Comment


                    • #11
                      Bruce: Thanks for the clarification. I was wondering if that was what you meant. Unfortunately, I don't have any workholding items for this machine yet.

                      It appears that the carriage is toast and I'm getting a replacement price. Looks like about 0.04" vertical drop which is also screwing up the long. feed pinion big time
                      Den

                      Comment


                      • #12
                        It looks like you have decided to keep this machine, so here's a suggestion which won't cost you much and may save you a lot.

                        I'd first contact the seller to let him know you've discovered a serious problem, and want some time to check it out with the option of returning it if it cannot be fixed at a reasonable cost.

                        Since the ways appear to be good and the carriage seems to be worn, clean up the carriage where it rides on the ways. Bond on some shim stock (brass, steel, or whatever) to return the carriage to its original position. Reinstall the carriage, and see how the lathe works. The shims will probably wear quicker than what was originally there, but the change that takes place during a typical project won't be enough to cause a problem. As long as the cross-slide moves perpendicular to the spindle axis and everything is tight, what harm will a little drop in the front of the carriage cause, since it's going to be constant over the longitudinal travel.

                        Based on how the lathe works with the shims in place, you can make a decision to return it, get a new carriage, or make a note to change the shims every six months, every year, or whenever required. At least it will give you a chance to evaluate the performance of the rest of the machine.

                        Roger
                        Any products mentioned in my posts have been endorsed by their manufacturer.

                        Comment


                        • #13
                          I would try to repair the carriage. If you are thinking of replacing the carriage anyway - you have very little to loose except time and a little $. I suggest you look into turcite. This link gives an idea of how to do the process.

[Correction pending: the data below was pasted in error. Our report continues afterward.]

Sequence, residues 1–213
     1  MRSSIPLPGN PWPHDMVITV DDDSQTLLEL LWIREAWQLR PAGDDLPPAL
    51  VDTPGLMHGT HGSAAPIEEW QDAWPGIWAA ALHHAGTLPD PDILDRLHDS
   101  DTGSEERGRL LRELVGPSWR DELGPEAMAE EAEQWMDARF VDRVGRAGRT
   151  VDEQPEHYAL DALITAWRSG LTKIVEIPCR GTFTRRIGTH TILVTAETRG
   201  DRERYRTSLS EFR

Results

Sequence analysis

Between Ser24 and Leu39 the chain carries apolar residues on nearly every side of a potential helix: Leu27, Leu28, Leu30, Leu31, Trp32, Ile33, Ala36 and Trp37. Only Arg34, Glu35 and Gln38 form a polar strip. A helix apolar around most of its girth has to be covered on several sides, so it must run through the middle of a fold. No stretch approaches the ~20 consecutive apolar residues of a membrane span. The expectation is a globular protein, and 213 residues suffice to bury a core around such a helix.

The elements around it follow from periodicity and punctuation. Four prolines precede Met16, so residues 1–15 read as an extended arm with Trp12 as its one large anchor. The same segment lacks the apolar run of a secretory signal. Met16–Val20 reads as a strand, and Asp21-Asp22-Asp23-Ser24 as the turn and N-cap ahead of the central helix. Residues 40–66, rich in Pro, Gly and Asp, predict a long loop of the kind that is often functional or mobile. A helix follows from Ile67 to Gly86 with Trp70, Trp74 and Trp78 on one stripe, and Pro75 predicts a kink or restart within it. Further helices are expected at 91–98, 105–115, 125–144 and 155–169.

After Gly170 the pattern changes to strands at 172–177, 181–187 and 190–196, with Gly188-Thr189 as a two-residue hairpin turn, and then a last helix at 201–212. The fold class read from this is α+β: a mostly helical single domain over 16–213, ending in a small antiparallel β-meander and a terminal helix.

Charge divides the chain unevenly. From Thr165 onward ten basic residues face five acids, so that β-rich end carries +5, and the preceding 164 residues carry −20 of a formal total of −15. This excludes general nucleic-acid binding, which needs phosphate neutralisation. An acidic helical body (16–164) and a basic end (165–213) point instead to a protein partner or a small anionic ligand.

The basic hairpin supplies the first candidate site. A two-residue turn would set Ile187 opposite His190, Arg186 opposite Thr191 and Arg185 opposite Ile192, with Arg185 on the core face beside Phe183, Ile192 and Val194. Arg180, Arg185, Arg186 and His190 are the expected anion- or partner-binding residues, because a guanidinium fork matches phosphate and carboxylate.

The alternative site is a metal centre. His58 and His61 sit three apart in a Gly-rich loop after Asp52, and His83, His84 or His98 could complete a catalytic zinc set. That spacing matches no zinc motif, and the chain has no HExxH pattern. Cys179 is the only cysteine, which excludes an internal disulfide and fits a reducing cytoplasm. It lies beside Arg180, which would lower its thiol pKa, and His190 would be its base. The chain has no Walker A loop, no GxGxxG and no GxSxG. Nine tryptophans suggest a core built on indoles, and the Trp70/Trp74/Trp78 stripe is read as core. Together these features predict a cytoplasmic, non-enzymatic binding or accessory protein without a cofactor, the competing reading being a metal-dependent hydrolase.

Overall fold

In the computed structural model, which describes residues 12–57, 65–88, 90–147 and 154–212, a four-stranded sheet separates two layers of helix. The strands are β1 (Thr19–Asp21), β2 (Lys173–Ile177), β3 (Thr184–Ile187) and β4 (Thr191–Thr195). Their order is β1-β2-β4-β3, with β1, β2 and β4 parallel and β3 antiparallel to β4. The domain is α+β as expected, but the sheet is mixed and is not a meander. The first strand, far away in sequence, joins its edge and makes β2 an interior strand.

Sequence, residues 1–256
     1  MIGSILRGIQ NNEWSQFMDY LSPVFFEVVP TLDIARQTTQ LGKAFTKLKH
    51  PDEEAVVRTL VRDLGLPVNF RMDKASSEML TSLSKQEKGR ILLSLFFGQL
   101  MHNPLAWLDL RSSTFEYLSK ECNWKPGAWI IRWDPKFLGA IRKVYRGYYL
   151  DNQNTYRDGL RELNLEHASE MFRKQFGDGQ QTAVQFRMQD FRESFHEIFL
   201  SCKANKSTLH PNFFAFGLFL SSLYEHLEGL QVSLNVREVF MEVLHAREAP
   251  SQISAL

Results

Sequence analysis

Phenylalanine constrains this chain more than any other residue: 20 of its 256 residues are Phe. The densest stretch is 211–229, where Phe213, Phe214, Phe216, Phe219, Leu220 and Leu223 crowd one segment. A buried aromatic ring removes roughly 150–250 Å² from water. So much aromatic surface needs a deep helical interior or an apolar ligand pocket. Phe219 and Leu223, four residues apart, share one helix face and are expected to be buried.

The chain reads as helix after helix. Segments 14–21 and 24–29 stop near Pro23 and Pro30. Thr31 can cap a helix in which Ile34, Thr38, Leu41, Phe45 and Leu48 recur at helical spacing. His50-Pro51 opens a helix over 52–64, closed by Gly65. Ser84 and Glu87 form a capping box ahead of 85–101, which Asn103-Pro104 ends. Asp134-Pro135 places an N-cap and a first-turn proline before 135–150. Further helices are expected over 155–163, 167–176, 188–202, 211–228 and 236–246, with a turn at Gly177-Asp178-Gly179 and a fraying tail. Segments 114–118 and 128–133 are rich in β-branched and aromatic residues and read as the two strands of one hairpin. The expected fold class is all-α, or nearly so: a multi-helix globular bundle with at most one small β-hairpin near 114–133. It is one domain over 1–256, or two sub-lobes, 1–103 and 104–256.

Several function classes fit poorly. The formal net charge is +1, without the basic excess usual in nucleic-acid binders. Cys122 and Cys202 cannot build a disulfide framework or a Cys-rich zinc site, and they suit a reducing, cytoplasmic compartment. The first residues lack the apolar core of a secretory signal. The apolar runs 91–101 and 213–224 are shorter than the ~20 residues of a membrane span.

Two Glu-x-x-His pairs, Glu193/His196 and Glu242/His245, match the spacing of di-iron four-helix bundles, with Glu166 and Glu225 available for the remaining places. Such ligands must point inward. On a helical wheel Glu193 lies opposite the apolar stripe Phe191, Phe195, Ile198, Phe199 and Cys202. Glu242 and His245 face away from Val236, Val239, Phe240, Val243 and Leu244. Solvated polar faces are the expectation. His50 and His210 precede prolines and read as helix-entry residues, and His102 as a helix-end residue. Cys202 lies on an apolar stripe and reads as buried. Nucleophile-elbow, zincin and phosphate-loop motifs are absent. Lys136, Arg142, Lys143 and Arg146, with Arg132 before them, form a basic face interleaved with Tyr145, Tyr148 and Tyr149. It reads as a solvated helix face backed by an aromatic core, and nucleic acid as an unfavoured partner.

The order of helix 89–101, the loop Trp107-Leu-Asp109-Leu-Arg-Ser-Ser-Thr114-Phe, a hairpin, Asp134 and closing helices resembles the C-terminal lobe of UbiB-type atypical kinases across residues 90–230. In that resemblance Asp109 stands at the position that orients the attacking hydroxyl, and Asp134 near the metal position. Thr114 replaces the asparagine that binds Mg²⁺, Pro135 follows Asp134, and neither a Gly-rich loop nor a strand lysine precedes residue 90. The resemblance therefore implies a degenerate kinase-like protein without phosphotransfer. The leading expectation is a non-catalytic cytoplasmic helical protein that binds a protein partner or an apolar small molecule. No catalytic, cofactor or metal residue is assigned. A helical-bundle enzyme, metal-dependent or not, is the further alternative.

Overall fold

http://www.mtsandtg.com/application.htm

                          Comment


                          • #14
                            I've got a used Super 11 also and I find it hard to believe that either the bed or carrage is worn as much as you describe. The beds are hardened and if the felt wipers under the carrage are working most of any grit should be kept away from it. In any event if the carrage is worn, just purchase that lower part you need and re-use the rest. Blue Ridge machine sometimes will wheel and deal on prices, if you are purchasing a lot of parts ( and I did). I had to replace the main gearbox gears that drive the power feed to the price of about $300 +. Good luck.
                            Retired - Journeyman Refrigeration Pipefitter - Master Electrician - Fine Line Automation CNC 4x4 Router

                            Comment


                            • #15
                              It sounds to me like something else is going on,I don't think that hard ways would produce that much wear in a saddle,anyway we got an 150 year old plus machine with soft ways that doesn't have that much.

                              It sounds to me like you have either a married machine or a bent feed rod,something is lifting the carrage.

                              Is it possilbe to run the machine?If so I would chuck op a test bar the max length of the bed and take trial cuts a several places,this will tell you more than anything.
                              I just need one more tool,just one!

                              Comment

                              Working...
                              X